8 1/9/2003Ringberg Workshop8 First Papers (cont.) The interferometric diameter and internal structure of Sirius A, Kervella et al., 2003, A&A submitted Direct measurement of the size of the star Eta Carinae, Van Boekel et al., 2003, ApJ, submitted Tests of stellar model atmospheres by optical interferometry: VLTI/VINCI limb-darkening measurements of the M4 giant ψ Phe, Wittkowski et al., 2003, A&A, submitted Introduction to VINCI/VLTI interferometric data analysis, Kervella et al., 2003, A&A, submitted The diameter and evolutionary state of ProcyonA: multi-technique modeling using asteroseismic and interferometric constraints, Kervella et al., 2003, A&A, submitted

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10 1/9/2003Ringberg Workshop10 Eta Carinae: some basic facts In Tr 16 in Carina nebula (NGC 3372,) located at 2.5 +/- 0.3 kpc {M HII ~ 10 4 M ~ 10 3 x Orion} Super massive LBV: ~ 100 M Super luminous: 3-5x10 6 L (most lum. in MW) now but ~30 x 10 6 L at outburst (2 nd brightest object in sky) Super hot: x 10 3 K Super active: survivor of 1843 eruption that created the homunculus and expelled ~ 2-3M at up to 800 km/s Current rate of mass loss x M /yr Central object is not viewed directly but is obscured by several mag of extinction in near IR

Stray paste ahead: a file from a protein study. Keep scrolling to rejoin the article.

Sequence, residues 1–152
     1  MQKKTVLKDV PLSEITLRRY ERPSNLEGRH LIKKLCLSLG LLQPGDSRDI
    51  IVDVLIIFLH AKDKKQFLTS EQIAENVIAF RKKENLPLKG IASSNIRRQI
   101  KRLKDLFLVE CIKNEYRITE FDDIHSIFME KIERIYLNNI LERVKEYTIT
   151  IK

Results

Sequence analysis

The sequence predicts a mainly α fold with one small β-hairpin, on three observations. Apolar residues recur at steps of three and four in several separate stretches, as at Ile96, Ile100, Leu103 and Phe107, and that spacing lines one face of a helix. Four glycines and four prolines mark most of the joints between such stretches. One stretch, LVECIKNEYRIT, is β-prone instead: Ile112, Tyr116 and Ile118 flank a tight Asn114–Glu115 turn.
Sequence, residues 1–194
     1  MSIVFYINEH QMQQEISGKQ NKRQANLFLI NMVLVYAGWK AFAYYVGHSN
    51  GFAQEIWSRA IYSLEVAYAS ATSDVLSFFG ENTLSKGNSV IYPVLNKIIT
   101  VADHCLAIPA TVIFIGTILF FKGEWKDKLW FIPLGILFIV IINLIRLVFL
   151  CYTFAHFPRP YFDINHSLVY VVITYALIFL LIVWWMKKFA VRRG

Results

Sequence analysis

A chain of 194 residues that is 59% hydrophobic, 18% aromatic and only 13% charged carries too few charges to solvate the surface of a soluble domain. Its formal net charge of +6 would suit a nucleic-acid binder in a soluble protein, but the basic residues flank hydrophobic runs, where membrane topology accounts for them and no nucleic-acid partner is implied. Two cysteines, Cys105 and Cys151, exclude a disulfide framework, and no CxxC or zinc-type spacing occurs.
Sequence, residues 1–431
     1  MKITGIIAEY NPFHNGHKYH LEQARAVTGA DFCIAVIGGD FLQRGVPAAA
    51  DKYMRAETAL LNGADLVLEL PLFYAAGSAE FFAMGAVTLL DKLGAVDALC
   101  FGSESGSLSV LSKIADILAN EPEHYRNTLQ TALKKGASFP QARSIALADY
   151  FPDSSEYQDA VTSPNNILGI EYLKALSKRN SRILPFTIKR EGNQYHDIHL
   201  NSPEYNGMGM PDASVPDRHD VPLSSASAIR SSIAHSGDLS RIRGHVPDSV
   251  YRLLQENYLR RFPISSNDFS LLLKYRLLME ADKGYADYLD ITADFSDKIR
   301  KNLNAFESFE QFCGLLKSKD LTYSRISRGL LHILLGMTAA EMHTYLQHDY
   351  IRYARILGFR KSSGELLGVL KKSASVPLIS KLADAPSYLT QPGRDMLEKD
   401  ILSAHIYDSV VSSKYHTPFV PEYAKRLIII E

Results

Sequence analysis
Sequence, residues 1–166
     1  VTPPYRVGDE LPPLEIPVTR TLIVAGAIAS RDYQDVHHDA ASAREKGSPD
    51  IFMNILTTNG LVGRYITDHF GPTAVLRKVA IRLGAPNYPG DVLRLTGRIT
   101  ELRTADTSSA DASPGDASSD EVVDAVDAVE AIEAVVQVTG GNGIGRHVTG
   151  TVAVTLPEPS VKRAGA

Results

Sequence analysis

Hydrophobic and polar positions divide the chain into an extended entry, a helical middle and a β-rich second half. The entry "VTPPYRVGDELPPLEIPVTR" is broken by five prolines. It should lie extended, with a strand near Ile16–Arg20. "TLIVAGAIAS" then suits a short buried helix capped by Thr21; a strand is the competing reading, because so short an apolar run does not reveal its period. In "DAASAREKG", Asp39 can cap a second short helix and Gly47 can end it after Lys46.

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12 1/9/2003Ringberg Workshop12 Eta Carinae: Questions & Mysteries What was it? Yellow SG? Red SG?, WR? What is it? Single? Binary? Cluster? What is its current mass loss rate exactly? What is its or their mass? What will it become? Normal star after more eruptions? Collapse into SN or hypernova? Is it rotating? What is the origin of the 5.5yr periodicity in some lines and x-rays? Is there a massive equatorial torus? What is the physical mechanism responsible for the violent instability (outburst(s)), the homunculus bipolar geometry, the double ring structure seen in the mid IR in the inner homunculus and the x-ray emission? What is going to happen this summer at x-ray peak?